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Oncogene. 2008 Mar 6;27(11):1527-35. Epub 2007 Sep 10.

Downregulation of tumor suppressor Pdcd4 promotes invasion and activates both beta-catenin/Tcf and AP-1-dependent transcription in colon carcinoma cells.

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Graduate Center for Toxicology, College of Medicine, University of Kentucky, Lexington, KY, USA.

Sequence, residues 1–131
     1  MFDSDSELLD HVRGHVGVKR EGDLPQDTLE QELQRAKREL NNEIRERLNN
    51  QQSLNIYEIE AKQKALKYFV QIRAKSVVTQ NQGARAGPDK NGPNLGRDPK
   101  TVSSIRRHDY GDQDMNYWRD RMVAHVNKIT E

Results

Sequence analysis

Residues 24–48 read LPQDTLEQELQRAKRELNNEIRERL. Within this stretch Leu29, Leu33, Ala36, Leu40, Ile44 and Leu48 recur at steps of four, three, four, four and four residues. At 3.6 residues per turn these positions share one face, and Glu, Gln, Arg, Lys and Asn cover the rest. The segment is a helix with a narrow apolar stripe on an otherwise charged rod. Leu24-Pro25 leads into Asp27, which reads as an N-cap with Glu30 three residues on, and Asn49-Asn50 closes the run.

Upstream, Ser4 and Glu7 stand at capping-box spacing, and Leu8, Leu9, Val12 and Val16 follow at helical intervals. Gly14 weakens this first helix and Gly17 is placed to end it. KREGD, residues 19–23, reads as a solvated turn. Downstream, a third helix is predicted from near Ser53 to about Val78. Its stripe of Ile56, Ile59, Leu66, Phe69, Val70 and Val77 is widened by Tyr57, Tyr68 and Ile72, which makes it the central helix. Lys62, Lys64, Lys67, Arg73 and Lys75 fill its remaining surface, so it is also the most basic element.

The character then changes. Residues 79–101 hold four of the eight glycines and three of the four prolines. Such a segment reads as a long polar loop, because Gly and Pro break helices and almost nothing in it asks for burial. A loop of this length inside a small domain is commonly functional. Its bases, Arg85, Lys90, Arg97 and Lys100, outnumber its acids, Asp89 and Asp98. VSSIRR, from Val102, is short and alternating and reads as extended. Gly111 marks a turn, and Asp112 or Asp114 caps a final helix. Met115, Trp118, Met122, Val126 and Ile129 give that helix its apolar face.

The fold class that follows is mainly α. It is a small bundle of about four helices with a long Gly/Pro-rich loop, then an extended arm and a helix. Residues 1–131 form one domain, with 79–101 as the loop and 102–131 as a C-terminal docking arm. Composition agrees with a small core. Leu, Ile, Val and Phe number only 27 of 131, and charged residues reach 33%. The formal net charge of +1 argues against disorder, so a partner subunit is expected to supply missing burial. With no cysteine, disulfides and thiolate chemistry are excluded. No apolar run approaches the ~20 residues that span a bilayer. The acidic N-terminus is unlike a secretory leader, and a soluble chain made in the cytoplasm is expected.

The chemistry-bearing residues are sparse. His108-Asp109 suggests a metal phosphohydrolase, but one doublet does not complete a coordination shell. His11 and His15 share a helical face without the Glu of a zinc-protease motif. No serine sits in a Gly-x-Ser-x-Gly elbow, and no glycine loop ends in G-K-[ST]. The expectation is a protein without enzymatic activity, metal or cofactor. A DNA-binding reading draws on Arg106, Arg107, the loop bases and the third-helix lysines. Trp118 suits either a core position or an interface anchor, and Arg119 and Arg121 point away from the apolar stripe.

Programmed cell death 4 (Pdcd4) is a tumor suppressor that inhibits neoplastic transformation and tumor invasion. Tissue microarray analysis showed that Pdcd4 expression is downregulated in colon adenocarcinoma and carcinoma relative to adjacent normal tissues. To address the issue of whether reduced Pdcd4 expression is sufficient to promote tumor progression, we knocked down Pdcd4 expression in colon tumor HT29 cells using pdcd4 short hairpin RNA (shRNA). Pdcd4 knockdown results in a fibroblast-like transition, while the control cells (expressing LacZ shRNA) remain as clumped similar to the parental cells. In addition, expression of pdcd4 shRNA in HT29 cells promotes invasion. In an effort to characterize the molecular mechanism underlying these observations, we discovered that knockdown of Pdcd4 results in reduction of E-cadherin expression, and accumulation of active beta-catenin in the nucleus. The active beta-catenin binds with T-cell factor 4 (Tcf4) and activates beta-catenin/Tcf-dependent transcription. Furthermore, Pdcd4 knockdown dramatically increases AP-1-dependent transcription. Thus, the mechanism by which reduced Pdcd4 expression promotes invasion appears to involve the activation of beta-catenin/Tcf and AP-1-dependent transcription.

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